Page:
I also think that being able to control the way your character progresses - the way I get to slot in abilities - or even say, "Hey, I'm a mage and I have this axe, so I'll use this axe." Little things like that really make you be able to play the way you want to play.
RPS: How would it work if I were a mage who used an axe? Is the weapon skill leveling open and usage-based like in earlier Elder Scrolls games?
Paul Sage: It's not really usage based so much as it is what I slot in. But you will grow. You'll grow in power and discover new ways to use the axe. So, absolutely, that's something we felt really strongly about. If I find a certain weapon, I should be able to pick it up and use it.
It's not an open class system in [an optional design-your-own-class] type of way, though. When you see somebody on the battlefield, you'll kind of know the broad range of what they're capable of, but you won't know the specifics of what they've slotted into their shortcut bar at the time. So we do want some structure, but we also want to give you a lot of customization.
RPS: The E3 presentation was basically a chain of clearly defined glowing quest-givers. Will there be more impromptu exploration, though? Environments that tell their own stories, etc? Will there be books?
Paul Sage: There's absolutely a place where you'll find books. Will that start off a quest? Absolutely, that could start off a quest. You can also find lots of places where there are no quests at all. One of the things I don't think we've talked about a lot is the fact that we have content that just kind of emerges from the world. So you'll see bandits out lugging someone - so to speak - and you can decide to run up and kill the bandits if you want to. It's really your call if that's what you want to do. Or maybe you do something else in that situation. It's those things that are also sprinkled throughout the world.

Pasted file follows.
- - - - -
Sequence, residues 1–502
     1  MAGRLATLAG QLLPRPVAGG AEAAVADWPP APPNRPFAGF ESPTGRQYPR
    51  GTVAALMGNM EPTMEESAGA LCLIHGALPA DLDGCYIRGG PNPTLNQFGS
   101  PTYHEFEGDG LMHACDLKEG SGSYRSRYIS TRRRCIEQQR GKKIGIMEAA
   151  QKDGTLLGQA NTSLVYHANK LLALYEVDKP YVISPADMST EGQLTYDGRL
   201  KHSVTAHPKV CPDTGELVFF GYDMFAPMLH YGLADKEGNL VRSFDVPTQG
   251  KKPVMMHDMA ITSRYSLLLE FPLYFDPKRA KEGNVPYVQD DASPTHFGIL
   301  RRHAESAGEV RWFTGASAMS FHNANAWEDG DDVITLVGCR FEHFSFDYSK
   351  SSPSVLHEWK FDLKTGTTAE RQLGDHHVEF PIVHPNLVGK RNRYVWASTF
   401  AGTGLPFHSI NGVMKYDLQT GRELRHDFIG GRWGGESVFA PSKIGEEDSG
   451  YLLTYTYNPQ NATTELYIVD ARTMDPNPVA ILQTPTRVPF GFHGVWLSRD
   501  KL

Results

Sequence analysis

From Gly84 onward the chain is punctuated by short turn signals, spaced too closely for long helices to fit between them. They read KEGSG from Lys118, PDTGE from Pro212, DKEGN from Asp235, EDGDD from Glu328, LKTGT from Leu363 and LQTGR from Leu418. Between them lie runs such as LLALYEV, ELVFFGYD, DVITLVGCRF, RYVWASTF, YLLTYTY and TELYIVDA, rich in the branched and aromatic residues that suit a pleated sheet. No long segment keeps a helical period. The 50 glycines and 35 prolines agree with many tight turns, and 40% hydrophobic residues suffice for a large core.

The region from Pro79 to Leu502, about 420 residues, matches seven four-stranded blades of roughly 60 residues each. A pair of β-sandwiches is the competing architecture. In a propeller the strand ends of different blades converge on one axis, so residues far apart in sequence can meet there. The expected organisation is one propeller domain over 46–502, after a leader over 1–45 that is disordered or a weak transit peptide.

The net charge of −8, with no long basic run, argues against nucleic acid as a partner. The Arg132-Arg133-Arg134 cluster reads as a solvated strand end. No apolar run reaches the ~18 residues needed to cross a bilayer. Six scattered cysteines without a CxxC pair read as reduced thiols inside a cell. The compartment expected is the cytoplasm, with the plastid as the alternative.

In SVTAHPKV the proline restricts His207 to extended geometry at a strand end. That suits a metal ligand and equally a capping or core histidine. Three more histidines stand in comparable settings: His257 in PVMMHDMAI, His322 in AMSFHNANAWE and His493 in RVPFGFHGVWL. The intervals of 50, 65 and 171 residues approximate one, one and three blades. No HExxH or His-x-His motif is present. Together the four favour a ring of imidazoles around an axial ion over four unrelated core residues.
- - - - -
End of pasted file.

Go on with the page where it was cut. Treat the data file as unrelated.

There are also what we're calling Daedric Anchors in the world. Daedra filter out of them [and attack]. It's a little bit reminiscent of Oblivion Gates. That, again, is something where you'll be in the world, and suddenly, there's just something over there. And then the player has something they can do to remove that Anchor from the world. I don't want to call it an event so much. It's just a happening in the world.
RPS: Can I kill NPCs who aren't necessarily enemies? Can I go rampaging through towns?
Paul Sage: There will be NPCs that aren't necessarily bad guys that you will be able to kill. Like, can I play the villain? I think that's the fantasy for some people. They really want to play the villain, so we're going to support that.
RPS: Mainly, though, you cited action-based combat and an involving storyline as the things that will set Elder Scrolls Online apart. But, admittedly, those things have been done in other MMOs - for instance, Tera and SWTOR, respectively. So how do you stand out?
Paul Sage: Well, you can take almost anything and say it's been done in another game. It's really about how it's done. It's taking a quest and discovering that it takes a little bit longer. We reveal the story over time - which, you know, is never going to sound special until you play it.
As for the action-based combat, I really do think it sets us apart. I know there are other games that have it, but specifically, when you're playing online with your friends, we have synergy abilities where you pair up. Those kinds of things definitely take it [to the next level]. You definitely have the large PvP battles. It's really a matter of how it all blends more than any one specific thing, because we can look at almost anything and say "Hey, another game has done something similar to this."
RPS: When you first revealed Elder Scrolls Online, you got a fair amount of backlash from fans. It's not first-person, there's a WoW-esque action bar, etc. Have you been listening, though? Do you plan on revamping any specific aspects of the game to address those complaints?